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Fatal accidents in Nordic workplaces nearly exclusively involve men

| Text: Marie Preisler

Men in the Nordic region are involved in fatal accidents at work far more often than women. 1,157 men died in work accidents between 2003 and 2008, compared to only 85 women.

In Denmark, Sweden and Finland 92 percent of fatalities are men, while figures for Norway and Iceland are 96 and 100 percent respectively. 

"These figures highlight a clear discrepancy when it comes to the Nordic gender equality debate. There is not enough focus on safety in the work place, even when it clearly means major losses for the men," writes a group of researchers who have been looking at all work-related deaths in the Nordic region over a five year period.

The report 'Fatal Occupational Accidents in the Nordic Countries 2003 – 2008' is financed by the Nordic Council of Ministers. It shows there are between 1.51 and 2.49 fatal accidents at work per 100,000 workers each year in the Nordic region.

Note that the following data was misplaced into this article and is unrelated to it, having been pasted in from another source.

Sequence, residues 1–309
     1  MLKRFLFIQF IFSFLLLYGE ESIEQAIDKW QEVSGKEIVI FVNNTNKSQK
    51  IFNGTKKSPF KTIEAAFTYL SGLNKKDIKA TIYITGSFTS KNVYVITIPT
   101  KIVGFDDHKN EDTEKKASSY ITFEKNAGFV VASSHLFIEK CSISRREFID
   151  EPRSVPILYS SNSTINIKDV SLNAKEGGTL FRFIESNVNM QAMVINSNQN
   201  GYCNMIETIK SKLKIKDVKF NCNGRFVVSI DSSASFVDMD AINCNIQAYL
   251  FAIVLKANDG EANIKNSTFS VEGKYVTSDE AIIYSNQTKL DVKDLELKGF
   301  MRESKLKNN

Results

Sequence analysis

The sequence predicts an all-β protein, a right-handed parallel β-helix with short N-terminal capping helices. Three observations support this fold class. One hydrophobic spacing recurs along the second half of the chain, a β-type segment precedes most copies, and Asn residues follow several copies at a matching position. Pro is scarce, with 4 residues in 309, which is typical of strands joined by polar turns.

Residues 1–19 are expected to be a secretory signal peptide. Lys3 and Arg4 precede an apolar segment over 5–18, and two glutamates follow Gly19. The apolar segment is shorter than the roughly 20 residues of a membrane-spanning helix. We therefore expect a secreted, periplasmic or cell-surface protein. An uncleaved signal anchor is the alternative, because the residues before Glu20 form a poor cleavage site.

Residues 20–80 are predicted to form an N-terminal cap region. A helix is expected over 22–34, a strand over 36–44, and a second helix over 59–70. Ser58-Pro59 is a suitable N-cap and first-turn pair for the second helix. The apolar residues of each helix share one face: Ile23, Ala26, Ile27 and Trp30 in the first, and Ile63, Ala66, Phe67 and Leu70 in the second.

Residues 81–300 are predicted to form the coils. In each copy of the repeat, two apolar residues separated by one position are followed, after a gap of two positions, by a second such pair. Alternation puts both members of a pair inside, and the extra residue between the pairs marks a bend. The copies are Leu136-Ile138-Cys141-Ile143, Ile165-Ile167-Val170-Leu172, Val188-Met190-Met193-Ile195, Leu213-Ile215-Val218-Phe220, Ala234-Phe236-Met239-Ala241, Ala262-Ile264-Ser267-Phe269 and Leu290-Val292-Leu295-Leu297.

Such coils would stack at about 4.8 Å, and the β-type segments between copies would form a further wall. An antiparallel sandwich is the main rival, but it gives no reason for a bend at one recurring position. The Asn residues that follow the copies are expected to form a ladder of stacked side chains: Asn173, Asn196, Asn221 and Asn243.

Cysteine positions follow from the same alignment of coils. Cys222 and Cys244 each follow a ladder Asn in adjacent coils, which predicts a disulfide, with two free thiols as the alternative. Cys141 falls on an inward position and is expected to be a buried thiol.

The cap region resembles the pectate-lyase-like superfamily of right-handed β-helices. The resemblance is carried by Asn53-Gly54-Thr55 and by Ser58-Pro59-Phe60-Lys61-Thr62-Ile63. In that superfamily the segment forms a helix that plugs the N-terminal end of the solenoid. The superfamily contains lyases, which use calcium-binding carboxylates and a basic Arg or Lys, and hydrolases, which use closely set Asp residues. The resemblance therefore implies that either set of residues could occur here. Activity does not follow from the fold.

Iceland tops the statistic. The country's large fisheries industry is not the main reason for this - the chances of work-related death is greatest within the building industry.

128 preventable deaths in Denmark

Denmark comes second with 2.0 work-related deaths each year per 100,000 workers. The number for Norway is 1.81, Finland has 1.75, and Sweden is bottom of the statistics with 1.51 fatal accidents at work per 100,000 workers. If Denmark applied the same workplace safety rules as Sweden, 128 deaths could have been avoided, the researchers say.

Most fatal accidents happen in agriculture, forestry and fisheries, followed by the building industry and transport sector. The common denominator for all these is that most workers are men. 

Work vehicles represent the material most often involved in fatal accidents, which typically happen by falling, loss of control and breaking material.

The report recommends closer cooperation between the Nordic countries to make information about accidents at work easier to compare, especially when it comes to investigations and the registering of work-related accidents. This would also make it easier to identify ways of preventing further accidents, the report concludes.

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